The Prevention and Treatment Of Gum DiseaseThe Prevention and Treatment Of Gum Disease

About Me

The Prevention and Treatment Of Gum Disease

My name is Hal Martin and at my last dental checkup my dentist told me that I had gum disease. My dentist gave me instructions about what I needed to do so that the gum disease wouldn't get worse and turn into periodontal disease. When I returned home, I immediately began learning everything I could about gum disease by reading dental articles online. I sure didn't want it to get worse so I knew that I needed to take action right away. In this blog, you'll learn all about gum disease including what it is, the causes and how you can help prevent it. I wanted to write this blog to get the word out to as many people about gum disease to hopefully help others have healthy gums.


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Studies show that about 5 million Americans get their wisdom teeth removed every year. However, having a natural tooth removed should always be the last resort. Typically, your natural teeth are meant to last a lifetime and should only be removed if they are too damaged to treat the problem. A dentist will recommend a tooth extraction only if the tooth is painful or severely damaged.

Here are the four main reasons for tooth extraction:

1. Tooth Decay

Tooth decay is the leading cause of tooth extraction. Cavities are caused by various factors, including:

  • Bacteria in the mouth
  • Poor oral hygiene
  • Frequent snacking
  • Sipping sugary drinks

How do cavities form? Bacteria in the mouth digest foods containing carbohydrates to produce acid. This acid combines with saliva to form plaque that dissolves the tooth's enamel to create holes called cavities. If the cavity is mild, it can be removed through dental canal treatment. However, if the tooth's pulp is severely damaged, the tooth has to be extracted.

2. Gum Disease

Gum disease, also known as periodontitis, is an infection that severely damages the soft tissues of the gum. This oral condition is associated with poor oral hygiene and is, therefore, preventable. The main symptoms of gum disease include:

  • Swollen gums
  • Bleeding gums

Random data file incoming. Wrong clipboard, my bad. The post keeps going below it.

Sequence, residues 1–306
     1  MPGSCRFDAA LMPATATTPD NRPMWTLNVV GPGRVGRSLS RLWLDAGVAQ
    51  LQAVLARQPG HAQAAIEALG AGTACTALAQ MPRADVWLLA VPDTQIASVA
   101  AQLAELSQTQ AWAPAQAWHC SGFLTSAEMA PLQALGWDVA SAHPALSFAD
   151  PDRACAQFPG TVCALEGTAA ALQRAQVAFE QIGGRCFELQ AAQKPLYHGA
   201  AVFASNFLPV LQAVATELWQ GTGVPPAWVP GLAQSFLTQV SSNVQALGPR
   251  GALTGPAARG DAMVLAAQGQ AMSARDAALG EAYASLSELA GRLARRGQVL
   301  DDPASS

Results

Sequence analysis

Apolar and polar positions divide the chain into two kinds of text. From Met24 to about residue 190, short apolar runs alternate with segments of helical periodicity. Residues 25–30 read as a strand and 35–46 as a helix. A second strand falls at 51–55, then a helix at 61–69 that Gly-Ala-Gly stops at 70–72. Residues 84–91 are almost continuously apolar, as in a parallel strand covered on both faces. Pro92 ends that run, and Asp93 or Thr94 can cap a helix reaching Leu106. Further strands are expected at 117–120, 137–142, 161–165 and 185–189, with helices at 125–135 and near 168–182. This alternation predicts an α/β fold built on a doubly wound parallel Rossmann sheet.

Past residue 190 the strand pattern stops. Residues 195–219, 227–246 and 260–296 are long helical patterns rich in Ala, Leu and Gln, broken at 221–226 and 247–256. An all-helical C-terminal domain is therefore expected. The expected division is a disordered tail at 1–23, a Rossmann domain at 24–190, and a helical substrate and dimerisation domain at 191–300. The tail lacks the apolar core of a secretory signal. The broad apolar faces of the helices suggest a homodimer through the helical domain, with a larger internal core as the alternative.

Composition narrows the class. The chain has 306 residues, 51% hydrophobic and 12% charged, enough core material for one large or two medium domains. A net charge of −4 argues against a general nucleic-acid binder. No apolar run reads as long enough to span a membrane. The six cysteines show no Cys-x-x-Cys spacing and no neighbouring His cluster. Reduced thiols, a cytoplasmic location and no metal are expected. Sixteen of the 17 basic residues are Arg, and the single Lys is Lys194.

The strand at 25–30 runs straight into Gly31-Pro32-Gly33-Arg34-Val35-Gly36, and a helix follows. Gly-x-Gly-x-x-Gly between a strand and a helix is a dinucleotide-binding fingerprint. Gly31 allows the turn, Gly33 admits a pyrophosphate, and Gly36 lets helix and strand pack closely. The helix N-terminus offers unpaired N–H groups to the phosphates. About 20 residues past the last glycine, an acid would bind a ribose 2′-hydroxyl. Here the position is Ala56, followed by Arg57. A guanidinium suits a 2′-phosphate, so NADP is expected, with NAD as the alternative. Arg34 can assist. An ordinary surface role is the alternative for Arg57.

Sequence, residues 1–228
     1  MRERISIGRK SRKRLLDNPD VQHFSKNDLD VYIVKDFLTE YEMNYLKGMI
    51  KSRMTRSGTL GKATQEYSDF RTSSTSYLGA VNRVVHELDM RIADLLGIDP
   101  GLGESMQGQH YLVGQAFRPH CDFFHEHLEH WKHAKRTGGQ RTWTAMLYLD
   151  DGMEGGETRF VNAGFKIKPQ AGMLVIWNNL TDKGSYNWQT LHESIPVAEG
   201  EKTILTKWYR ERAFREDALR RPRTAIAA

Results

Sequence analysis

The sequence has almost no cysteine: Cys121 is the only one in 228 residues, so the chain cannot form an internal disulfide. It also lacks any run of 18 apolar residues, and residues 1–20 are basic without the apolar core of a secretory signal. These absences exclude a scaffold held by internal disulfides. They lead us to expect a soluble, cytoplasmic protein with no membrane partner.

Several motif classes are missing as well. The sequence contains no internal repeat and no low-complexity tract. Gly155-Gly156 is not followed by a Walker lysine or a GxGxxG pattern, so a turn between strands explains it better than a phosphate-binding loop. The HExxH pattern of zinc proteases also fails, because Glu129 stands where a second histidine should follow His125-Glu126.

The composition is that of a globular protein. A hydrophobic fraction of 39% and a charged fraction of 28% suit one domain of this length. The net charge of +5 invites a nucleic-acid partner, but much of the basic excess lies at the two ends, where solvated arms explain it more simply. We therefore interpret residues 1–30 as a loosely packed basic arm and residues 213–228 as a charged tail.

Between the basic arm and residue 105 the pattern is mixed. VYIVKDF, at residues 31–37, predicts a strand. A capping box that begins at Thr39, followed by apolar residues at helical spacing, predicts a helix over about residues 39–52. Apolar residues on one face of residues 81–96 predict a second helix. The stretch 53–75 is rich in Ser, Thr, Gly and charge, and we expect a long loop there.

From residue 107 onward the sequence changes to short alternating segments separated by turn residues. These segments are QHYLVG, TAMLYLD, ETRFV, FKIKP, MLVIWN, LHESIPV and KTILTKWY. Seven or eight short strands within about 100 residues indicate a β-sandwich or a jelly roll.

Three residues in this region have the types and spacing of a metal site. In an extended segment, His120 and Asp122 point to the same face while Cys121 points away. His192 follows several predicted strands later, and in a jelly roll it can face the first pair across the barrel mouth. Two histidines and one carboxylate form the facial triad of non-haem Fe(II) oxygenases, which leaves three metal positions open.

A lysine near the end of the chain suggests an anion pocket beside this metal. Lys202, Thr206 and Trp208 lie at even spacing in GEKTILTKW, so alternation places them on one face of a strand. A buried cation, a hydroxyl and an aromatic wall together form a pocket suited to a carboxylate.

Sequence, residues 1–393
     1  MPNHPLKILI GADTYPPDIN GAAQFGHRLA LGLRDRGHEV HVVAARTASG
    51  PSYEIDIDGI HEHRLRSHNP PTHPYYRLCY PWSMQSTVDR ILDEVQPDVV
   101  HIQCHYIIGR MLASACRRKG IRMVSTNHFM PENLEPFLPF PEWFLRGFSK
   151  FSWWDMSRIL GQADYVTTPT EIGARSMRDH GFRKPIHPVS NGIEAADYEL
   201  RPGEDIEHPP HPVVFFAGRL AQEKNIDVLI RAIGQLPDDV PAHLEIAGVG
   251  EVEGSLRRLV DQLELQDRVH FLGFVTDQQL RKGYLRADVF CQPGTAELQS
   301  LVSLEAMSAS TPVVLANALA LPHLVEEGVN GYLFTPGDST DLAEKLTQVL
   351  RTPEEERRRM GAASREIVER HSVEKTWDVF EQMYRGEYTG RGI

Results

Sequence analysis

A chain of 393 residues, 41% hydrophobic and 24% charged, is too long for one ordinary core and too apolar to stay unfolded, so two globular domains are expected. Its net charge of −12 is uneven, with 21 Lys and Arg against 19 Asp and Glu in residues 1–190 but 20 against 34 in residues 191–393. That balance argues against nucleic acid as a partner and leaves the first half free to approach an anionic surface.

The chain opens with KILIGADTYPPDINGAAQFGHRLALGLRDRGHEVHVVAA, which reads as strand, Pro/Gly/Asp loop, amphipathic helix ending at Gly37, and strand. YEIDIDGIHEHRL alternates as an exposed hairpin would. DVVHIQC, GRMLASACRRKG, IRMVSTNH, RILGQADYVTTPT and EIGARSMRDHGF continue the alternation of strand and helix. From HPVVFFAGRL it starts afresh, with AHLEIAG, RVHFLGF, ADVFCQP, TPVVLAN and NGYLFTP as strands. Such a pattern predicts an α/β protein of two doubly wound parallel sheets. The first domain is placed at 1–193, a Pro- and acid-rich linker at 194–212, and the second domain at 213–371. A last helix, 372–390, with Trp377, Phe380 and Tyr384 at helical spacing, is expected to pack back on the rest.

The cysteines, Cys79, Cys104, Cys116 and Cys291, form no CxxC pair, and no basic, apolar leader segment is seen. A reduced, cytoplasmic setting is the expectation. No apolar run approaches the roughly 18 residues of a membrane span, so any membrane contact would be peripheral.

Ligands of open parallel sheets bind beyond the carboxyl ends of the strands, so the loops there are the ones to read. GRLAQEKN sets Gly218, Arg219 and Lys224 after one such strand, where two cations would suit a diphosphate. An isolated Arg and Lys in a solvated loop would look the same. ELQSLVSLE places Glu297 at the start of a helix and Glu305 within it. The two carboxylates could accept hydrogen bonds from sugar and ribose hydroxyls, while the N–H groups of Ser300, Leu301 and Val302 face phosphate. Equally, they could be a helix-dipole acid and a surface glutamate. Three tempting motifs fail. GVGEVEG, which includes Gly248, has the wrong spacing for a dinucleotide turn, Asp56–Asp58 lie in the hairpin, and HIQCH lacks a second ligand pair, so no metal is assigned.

• Pus between your teeth and gums
  • Loose teeth

If left untreated, periodontitis can significantly destroy the bones that support the teeth. Consequently, the teeth become loose and have to be extracted.

3. Traumatic Damage of Tooth

Dental trauma is caused by injury to the gums, teeth, and nearby tissues. Trauma to the teeth is caused by:

  • Auto accidents
  • Falls
  • Injuries from various sports, such as soccer, baseball, and volleyball

In most cases, fractures of the lower and upper jaw can be surgically treated. On some other occasions, the jawbone is significantly damaged, causing the teeth to come loose. In such a case, emergency tooth extraction is vital.

4. Overcrowded Teeth

Even if you don't have an infection, tooth extraction may be necessitated by dental crowding. When teeth are crowded, there is not enough space for your permanent teeth to grow straight. Hence, the teeth overlap each other and appear crooked.

If overcrowding of teeth is mild or moderate, it can be corrected through braces. However, there instances when dental crowding is severe, and braces may not help. The orthodontist may recommend extracting some teeth to create more space for the remaining teeth to grow straight.


If one of your teeth has been infected or injured beyond repair, extraction could be your only way out. Tooth extraction relieves pain and prevents other serious dental problems, such as gum infection, the spread of infection to other teeth, and even tumors.